Stay in your lane good or bad advice

Posted & filed under Culture.

‘Staying in your lane’ is an interesting ideal in a contemporary, corporate setting. Nowadays, collaboration is held in such high-esteem that businesses will invest millions in training, installing, and implementing workplace collaboration software. That hardly sounds like ‘staying in your lane.’

But then again, imagine if responsibility was shared among the entire company: No individual duties, just one large goal. How would the organization be accountable? Who would act on what? This ideal is just as ineffective.

Of course, both of these models are radicalizations, but the contrast begs an important question: To what degree is ‘staying in your lane’ beneficial?

Perhaps an analogy tracing back to origin of the phrase, ‘stay in your lane’ would be helpful.


Corporate Life is a Highway

Imagine you’re driving on a highway right before rush hour. Traffic is flowing, but heavy. Heeding the advice you’ve received so many times before, you ‘stay in your lane’ and keep your focus riveted on the road before you. In fact, your focus is so riveted that you neglect to identify the driver veering out of their lane, and into yours.

Obviously, this scenario ends in a disaster.

Adversely, what if every driver on a highway oscillated the road with no regard to their lane? It’s not difficult to imagine the carnage that would quickly ensue.

Ideal road conditions are intuitive: why shouldn’t work conditions be?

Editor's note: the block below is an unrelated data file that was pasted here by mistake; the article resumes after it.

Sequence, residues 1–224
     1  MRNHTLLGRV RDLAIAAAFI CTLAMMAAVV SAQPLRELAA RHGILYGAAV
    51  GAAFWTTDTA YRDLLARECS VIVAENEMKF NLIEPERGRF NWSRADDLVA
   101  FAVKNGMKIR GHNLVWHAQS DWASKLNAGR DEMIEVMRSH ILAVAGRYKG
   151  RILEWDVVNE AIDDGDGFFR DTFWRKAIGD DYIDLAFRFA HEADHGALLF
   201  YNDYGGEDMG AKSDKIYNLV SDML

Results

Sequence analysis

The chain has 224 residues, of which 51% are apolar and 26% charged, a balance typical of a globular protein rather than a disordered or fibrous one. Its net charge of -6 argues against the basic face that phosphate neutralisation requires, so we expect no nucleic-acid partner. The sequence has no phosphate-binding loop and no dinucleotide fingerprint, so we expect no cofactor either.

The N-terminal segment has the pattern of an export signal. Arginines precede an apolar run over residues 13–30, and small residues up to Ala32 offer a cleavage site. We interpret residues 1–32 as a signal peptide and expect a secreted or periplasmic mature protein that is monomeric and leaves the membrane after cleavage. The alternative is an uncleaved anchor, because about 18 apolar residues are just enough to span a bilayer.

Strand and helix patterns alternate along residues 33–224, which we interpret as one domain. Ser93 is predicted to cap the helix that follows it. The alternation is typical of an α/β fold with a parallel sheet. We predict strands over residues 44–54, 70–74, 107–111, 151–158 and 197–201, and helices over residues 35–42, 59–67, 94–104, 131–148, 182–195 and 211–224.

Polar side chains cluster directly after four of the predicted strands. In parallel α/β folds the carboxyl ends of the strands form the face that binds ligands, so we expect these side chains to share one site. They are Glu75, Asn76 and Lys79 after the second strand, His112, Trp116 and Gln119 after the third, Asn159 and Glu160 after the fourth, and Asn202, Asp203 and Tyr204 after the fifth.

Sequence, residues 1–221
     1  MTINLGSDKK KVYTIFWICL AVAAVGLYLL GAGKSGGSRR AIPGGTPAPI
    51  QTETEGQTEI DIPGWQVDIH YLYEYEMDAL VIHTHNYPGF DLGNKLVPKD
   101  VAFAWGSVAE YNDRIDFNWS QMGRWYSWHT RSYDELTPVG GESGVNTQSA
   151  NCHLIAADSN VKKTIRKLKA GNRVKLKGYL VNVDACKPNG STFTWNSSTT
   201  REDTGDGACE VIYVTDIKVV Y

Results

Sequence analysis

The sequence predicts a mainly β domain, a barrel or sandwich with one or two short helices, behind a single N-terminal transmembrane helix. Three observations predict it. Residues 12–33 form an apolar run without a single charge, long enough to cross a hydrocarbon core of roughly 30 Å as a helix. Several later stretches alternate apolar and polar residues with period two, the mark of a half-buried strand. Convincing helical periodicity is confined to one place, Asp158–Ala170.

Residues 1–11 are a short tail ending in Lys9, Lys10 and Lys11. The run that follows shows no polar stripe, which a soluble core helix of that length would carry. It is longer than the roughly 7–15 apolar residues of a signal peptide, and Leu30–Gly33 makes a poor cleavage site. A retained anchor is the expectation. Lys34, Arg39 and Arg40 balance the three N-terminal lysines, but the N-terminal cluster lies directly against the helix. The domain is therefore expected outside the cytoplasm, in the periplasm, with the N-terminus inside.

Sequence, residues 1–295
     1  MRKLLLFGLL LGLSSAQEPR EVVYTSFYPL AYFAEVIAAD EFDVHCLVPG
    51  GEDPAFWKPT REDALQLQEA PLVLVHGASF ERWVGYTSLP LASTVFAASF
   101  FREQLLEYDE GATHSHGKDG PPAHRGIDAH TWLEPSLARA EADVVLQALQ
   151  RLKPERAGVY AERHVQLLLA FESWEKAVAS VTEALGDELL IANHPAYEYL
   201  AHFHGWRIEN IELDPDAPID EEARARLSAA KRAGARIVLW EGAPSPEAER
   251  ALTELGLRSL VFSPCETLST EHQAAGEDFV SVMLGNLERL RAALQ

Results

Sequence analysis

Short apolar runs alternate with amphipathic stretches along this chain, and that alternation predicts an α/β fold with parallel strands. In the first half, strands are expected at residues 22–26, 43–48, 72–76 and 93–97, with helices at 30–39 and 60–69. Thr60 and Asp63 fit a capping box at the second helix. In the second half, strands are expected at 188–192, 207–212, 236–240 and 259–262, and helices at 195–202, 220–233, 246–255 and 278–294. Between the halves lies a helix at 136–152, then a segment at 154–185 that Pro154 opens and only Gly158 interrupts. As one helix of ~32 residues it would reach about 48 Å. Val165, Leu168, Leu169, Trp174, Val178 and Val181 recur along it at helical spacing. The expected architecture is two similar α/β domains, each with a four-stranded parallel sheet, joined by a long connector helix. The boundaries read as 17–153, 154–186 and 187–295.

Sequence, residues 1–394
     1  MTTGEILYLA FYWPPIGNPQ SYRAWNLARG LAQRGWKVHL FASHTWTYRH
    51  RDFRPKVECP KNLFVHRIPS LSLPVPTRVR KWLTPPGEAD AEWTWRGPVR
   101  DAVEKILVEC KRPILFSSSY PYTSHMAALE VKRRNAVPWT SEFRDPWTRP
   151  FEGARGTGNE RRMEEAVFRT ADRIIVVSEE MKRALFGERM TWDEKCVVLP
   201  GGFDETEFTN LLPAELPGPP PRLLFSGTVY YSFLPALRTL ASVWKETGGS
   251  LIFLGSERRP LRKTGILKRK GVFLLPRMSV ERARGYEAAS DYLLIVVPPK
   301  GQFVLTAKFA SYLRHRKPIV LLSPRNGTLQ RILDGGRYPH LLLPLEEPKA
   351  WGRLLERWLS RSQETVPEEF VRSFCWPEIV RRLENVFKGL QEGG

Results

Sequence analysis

Like a good driver, your priority focus should always be on what’s in front of you, but never stop watching out for your peers.

To demonstrate this principle in action, here are a few ‘dos and don’ts’ for staying in your lane.


    • Respect the responsibilities of others. Every task should have an owner, and every owner should own their task.
    • Ultimately, the tasks assigned to you take priority. But, just as often as your workload allows, be quick to offer support to others.
    • Overstep boundaries. If there’s grey area in the nature of a task, there’s no harm in clarifying with your manager or peer who’s responsible for the task.
    • Be ignorant to the tasks around you. If you’re always so head-down that you neglect your team, you’ll be blind to the road ahead.


‘Staying in your lane’ can be tricky phrase in a contemporary corporate setting, but by understanding the balance of focus and collaboration, you can stay driven, with your team, for the long-haul.

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